Public radio with its community service values has traditionally pressed for close connections with listeners — encouraging them as volunteers, inviting their participation in events, and turning to them for membership support. Now this contact can go deeper using social networking and other interactive opportunities. And it should continue to emphasize “offline” contact.
Social networking simply allows people to do what they’ve always done — seek and share advice, band together for greater impact, or simply see what others are doing. But now, using the internet, they can do these things more efficiently and powerfully.
As established journalists, we may have an especially important place in social media because there one’s influence is based on proven credibility and reliability. In a word: Trust.
Facebook is by far the most popular social networking site. It aggregates people around affiliations of their choosing and invites users to share personal profiles and pictures and opinions and generally communicate with each other in novel ways.
Public radio has been growing some of its own social networking services but few can compare to the power of Facebook.
The growing involvement of journalists in social networking creates new challenges in defining our ethical expectations. NPR issued a set of Social Media Guidelines that can help local stations abide by similar norms.
Our traditional news model goes to pieces on the internet. Heretofore, we communicated as “one-to-many.” This gave us great control over the content, the construct and the timing of our news. Now online, the terms of service are in rapid flux.
Consumers expect information “on-demand” and are gaining increasing power to search, sort and select accordingly. Profoundly for us, anyone with easy access can publish his or her own version of news. Professional journalists vie in the same space as bloggers, marketers, agencies, activists, politicians, crooks and ordinary citizens.
The challenge for journalists is to seize on the opportunity presented. The opportunity now exists to collaborate with people as a means to serving their journalistic needs.
Examples abound. Journalists can now ask large numbers of people open-ended questions to sift out those who have the best stories.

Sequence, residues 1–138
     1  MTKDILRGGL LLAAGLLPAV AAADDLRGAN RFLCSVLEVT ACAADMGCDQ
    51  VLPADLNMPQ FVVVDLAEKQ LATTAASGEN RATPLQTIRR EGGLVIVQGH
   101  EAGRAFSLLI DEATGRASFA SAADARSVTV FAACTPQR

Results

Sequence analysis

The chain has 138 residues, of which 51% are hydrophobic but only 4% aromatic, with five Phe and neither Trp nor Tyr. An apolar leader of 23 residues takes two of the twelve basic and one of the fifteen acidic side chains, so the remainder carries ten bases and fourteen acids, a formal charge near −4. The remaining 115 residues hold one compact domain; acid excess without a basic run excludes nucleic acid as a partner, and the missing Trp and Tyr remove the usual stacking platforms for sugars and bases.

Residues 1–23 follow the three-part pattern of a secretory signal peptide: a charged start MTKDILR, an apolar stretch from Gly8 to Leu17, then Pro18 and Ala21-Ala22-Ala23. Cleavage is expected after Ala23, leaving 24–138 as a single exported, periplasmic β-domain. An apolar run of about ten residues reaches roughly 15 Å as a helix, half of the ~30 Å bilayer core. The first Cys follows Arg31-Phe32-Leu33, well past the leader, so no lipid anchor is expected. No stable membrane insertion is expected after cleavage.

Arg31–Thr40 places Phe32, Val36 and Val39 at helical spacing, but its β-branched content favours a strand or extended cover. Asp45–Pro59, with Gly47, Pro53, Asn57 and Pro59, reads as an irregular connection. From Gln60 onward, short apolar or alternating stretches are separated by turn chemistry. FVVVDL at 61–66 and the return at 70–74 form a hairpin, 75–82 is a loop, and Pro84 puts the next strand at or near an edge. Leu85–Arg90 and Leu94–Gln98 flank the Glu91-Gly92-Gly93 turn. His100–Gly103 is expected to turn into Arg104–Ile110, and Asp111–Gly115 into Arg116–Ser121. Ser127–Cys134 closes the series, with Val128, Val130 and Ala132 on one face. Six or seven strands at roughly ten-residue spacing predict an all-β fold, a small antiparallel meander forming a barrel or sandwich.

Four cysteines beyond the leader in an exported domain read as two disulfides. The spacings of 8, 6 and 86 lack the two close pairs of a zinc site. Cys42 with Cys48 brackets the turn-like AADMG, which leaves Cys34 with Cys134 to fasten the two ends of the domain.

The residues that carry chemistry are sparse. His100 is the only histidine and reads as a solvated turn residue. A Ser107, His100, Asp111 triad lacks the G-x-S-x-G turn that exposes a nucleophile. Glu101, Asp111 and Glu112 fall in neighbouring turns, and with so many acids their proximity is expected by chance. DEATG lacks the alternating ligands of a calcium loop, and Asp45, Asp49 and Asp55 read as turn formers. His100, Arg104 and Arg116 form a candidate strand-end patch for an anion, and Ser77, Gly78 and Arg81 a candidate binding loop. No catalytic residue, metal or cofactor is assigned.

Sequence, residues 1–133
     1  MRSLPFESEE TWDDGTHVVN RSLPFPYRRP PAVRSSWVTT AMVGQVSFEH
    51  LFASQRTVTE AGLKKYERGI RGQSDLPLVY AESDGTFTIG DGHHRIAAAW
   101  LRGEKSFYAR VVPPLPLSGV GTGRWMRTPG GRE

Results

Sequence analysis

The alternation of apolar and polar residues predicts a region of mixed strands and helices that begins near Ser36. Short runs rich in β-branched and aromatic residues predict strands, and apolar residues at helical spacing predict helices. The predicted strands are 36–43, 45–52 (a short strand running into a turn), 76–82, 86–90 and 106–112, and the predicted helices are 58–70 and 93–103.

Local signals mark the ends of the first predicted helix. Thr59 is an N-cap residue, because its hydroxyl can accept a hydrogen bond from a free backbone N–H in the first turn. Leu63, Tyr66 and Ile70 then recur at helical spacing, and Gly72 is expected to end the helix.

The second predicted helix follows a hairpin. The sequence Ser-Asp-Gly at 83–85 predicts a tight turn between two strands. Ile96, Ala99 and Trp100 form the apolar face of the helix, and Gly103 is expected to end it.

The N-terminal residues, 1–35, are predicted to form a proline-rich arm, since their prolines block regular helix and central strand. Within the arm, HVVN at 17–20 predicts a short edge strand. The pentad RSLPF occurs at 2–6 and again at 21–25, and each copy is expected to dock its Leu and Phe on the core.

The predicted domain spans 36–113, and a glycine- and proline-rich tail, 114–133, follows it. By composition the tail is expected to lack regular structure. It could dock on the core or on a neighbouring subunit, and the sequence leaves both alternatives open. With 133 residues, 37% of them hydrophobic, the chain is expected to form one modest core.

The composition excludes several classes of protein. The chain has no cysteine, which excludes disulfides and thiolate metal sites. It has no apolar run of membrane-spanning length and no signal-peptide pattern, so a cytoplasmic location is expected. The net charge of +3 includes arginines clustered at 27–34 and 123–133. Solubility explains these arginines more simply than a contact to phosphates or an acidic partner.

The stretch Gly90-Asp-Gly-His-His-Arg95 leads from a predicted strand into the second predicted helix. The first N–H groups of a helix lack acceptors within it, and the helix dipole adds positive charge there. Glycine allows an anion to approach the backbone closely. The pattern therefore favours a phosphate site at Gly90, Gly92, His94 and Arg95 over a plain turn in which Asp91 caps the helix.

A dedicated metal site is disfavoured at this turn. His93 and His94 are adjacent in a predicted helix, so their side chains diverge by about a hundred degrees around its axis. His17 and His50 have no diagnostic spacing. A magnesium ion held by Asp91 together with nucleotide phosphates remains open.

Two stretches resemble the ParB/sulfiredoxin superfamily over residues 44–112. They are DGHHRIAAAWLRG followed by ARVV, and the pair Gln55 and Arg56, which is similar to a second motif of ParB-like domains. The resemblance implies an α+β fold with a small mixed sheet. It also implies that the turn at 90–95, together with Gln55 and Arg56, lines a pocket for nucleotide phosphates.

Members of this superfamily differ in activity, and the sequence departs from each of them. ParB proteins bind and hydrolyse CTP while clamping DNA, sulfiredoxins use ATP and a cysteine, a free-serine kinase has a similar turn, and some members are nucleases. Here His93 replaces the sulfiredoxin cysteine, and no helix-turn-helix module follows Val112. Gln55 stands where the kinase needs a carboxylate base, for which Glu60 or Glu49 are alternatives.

Some newsrooms let the public watch their editorial meetings via internet cameras.
Many invite non-journalists to submit “user generated content” for web publication.
Some news departments have sponsored “citizen journalist” experiments to tap the wider interests and possibilities that might be found among non-traditional news observers.
Wikis allow the entire community of users to co-publish online content. Wikipedia, Wikimedia, Wikiversity are but a few of the startling examples of what can be accomplished when everyone contributes (and keeps each other honest).
In 2008, NPR encouraged wider sharing of its online news content by allowing open access to API — Application Programming Interface — basically, the computer code that can be embedded on-line. A blogger, for example, may want to play an audio file from NPR.org. The API assures proper playback of the original file no matter the site where the code appears.
Using widely available (and often free) “web widgets,” you can make one of your news stories findable via Google Earth… or as part of a video game… or to be aggregated with many other stories on the same topic or by the same reporter. The fungibility of data allows unending variations to emerge.
Great examples of this new approach?
Also Localore (A project of AIR)
Let’s not forget the power we have to form and support the “offline” community. The more we build the virtual community around our news and broadcast services, the more people may hunger for actual community — which local stations are well-placed to serve.
Here is how the National Center for Community Engagement defines the idea:
“In public media, we use the phrase ‘community engagement’ to encapsulate a strategic mindset oriented toward the community. For hundreds of local public television and radio stations, community engagement is about continually convening, connecting and collaborating to discover, understand, and address community needs and aspirations.
“From a producer’s perspective, content provides the focus for this engagement, with compelling stories that spark dialogue, invite reflection and catalyze action. While public media is not the appropriate venue for activism, it is the place to raise awareness, change attitudes and inspire new behaviors. For a local station, your program can provide the kickoff for a new initiative, or part of an ongoing, multi-year effort.
“There are myriad ways for you to engage audiences, and to sustain that engagement over time:
- Create a project website that provides additional content, invites interaction and links users to concerned organizations and thought leaders
- Use social media to build interest, promote content and foster conversation
- Sponsor community screenings
- Develop resource and discussion guides
- Solicit user-generated content (UGC) through blogs, story-sharing tools and online contests
- Use crowdsourcing and other techniques to foster problem solving and innovation
- Support the creation of related content at local stations
- Hold in-person national and local leadership summits
- Create short clips or audio segments for use online and for in-person meetings
- Provide information and incentives for local volunteering and mentoring
- Provide curriculum-correlated education materials for teachers and students
- Collect stories of impact from your project and share them with partners and funders
Launch your community engagement effort.
Another great resource on convening issue-oriented dialogue: The National Center for Dialogue and Deliberation